Tracy Robinson: Learning to challenge unhelpful self-talk

Dr Tracy Robinson is a senior research fellow at the Monash Centre for Health Research & Implementation. As a registered nurse and a doctor of psychology, she has extensive experience working in the field of mental health and supporting the wellbeing of young people. We’re most grateful to her for once again providing an article for this term’s newsletter.


Socrates is famous for saying “an unexamined life is not worth living”. In this context, he was acknowledging that being able to reflect on past events and how we might have done things differently is a positive thing. This capacity to reflect on one’s own thoughts and feelings helps us gain insight and is a key component of what we call emotional intelligence. By becoming more self-aware we can better understand what it is we really want in life and what others are feeling and thinking. But people often confuse reflection with self-criticism.

We all have inner dialogue that we refer to as self–talk. It is like an inner voice and it determines how we perceive situations in life and the way we feel and act. Our self-talk often changes – sometimes it is positive and realistic (“I tried my best even if I didn’t win”) and sometimes it is negative and unrealistic (“I am a failure”). Often our self-talk is negative when our stress is high because it is easy to blow things out of proportion when we are stressed. This is when we often fall into what some people call “thought traps” – ways of thinking that make us lose perspective.

Some of the most common “thought traps” include over-generalising (“bad things always happen to me”), black and white thinking (things are either right or wrong with nothing in between) and should and must thinking (“bad things shouldn’t happen to people”). These unhelpful thoughts traps are commonly reported by people who have depression – but the good news is that because you create your thoughts, once you become aware of them, you can change them. When you catch yourself using unhelpful self-talk, you can try asking the following questions:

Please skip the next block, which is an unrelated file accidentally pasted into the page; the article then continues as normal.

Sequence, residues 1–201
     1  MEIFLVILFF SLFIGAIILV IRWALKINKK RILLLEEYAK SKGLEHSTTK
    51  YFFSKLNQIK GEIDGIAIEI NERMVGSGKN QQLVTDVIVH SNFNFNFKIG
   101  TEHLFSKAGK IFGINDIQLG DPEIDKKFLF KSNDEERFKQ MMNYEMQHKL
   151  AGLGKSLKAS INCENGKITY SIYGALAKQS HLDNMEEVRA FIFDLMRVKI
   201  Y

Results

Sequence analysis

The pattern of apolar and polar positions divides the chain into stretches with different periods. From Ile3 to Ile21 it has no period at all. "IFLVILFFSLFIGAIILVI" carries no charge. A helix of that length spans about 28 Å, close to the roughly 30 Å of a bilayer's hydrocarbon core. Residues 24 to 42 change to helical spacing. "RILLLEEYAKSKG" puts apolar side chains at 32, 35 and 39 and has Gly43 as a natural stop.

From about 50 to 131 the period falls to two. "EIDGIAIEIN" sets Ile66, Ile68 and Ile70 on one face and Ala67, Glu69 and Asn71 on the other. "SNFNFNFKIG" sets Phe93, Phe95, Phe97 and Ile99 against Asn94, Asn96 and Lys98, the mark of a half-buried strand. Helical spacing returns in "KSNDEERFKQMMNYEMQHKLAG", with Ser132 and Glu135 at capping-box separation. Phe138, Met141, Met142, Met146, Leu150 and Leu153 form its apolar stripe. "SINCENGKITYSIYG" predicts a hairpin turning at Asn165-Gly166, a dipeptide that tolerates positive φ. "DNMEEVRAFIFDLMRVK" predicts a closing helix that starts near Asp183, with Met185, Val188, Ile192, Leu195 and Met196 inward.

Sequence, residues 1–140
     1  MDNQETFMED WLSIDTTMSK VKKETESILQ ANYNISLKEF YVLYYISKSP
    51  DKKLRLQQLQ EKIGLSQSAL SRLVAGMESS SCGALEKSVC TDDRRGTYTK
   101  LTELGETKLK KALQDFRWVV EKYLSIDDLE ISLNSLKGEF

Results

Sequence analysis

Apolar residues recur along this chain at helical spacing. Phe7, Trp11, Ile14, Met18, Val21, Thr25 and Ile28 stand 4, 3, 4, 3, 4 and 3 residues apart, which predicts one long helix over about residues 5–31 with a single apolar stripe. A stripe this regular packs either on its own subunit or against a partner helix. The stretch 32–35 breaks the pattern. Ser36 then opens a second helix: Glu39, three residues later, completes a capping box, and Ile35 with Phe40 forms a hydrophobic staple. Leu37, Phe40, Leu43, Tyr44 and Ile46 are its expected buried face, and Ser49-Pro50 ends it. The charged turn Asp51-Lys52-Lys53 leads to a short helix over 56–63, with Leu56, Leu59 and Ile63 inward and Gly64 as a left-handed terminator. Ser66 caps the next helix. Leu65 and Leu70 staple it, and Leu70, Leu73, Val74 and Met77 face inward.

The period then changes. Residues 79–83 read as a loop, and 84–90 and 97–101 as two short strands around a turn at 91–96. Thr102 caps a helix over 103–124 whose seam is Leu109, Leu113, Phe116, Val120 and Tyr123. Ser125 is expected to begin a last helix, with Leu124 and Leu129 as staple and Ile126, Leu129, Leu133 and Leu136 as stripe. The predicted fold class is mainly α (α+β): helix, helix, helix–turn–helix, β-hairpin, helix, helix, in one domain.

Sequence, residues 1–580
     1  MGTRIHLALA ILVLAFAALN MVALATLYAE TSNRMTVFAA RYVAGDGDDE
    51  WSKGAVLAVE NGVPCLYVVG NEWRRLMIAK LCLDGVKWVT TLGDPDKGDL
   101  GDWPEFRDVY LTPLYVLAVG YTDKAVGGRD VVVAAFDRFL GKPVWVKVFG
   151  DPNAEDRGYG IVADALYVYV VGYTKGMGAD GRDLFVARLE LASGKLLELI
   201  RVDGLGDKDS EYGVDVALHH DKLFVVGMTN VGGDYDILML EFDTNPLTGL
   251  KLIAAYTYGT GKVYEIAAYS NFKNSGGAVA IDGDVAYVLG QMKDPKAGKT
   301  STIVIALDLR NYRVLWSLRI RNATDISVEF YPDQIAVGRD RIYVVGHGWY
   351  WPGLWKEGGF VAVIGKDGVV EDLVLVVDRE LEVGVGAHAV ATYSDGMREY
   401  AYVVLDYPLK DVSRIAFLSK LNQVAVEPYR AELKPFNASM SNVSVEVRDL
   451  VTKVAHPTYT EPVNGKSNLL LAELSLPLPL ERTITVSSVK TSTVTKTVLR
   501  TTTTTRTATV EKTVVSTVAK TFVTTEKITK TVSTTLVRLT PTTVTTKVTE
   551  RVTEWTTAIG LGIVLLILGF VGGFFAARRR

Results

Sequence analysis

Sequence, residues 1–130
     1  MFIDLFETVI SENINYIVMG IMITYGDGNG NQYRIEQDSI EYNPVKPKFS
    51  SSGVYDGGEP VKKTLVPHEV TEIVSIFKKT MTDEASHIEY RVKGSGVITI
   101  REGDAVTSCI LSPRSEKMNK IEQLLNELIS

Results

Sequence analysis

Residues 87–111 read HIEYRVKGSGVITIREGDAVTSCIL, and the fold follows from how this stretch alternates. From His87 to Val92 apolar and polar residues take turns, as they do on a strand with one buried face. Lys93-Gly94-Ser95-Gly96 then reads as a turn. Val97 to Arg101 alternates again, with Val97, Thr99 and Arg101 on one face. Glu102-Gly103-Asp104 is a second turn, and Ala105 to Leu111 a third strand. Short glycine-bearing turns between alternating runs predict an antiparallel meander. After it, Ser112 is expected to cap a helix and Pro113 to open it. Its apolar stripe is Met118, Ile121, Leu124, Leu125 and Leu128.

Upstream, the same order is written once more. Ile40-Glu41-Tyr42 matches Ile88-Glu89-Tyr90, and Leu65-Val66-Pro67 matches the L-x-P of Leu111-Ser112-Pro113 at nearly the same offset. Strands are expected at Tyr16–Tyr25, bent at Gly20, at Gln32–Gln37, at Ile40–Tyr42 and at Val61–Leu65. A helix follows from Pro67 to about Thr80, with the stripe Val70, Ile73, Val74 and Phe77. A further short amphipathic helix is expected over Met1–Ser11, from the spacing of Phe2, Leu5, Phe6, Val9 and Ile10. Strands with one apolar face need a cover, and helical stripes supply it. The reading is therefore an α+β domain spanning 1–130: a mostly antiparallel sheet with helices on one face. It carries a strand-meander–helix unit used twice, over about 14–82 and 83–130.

• Am I jumping to conclusions?

  • Am I being hard on myself?

  • What is the evidence for and against?

  • Am I forgetting about the positives and focusing on the negatives?

  • Am I taking things too personally?

  • What would I tell a friend in this situation?

  • Is there another way of looking at this?

When you change your thoughts about a situation you can change your emotional reaction to it. Learning to challenge unhelpful self-talk does take some practice, but research has shown that this skill can be learned (even by young people) and that using this technique is associated with lower levels of depressed mood and negative feelings. The way to overcome negative thinking is to deal with our unhelpful self-talk. Like all habits, unhelpful self-talk can be hard to shake, but practice is the key.  Next time you find yourself depressed, angry, anxious or upset, take the time to become aware of your thoughts and ask the questions listed above.

You can also practice this skill with your children. For example, if they say “no one likes me at school”, rather than reassuring them, try asking “what is the evidence that no one likes you”? You can then work your way through the other questions.

Of course, if your child is experiencing bullying and can provide evidence that they are experiencing unfair treatment, then you need to take action, because we would not ask anyone to simply change the way they think about abuse and/or violence. In those situations, we need to take action and seek help. But for myriad other situations, practicing to recognise and challenge unhelpful self-talk can really help us become more resilient.

Perhaps what Socrates understood was that questions are more powerful than facts. One way we can support our young people is by building their capacity to question and challenge their thinking.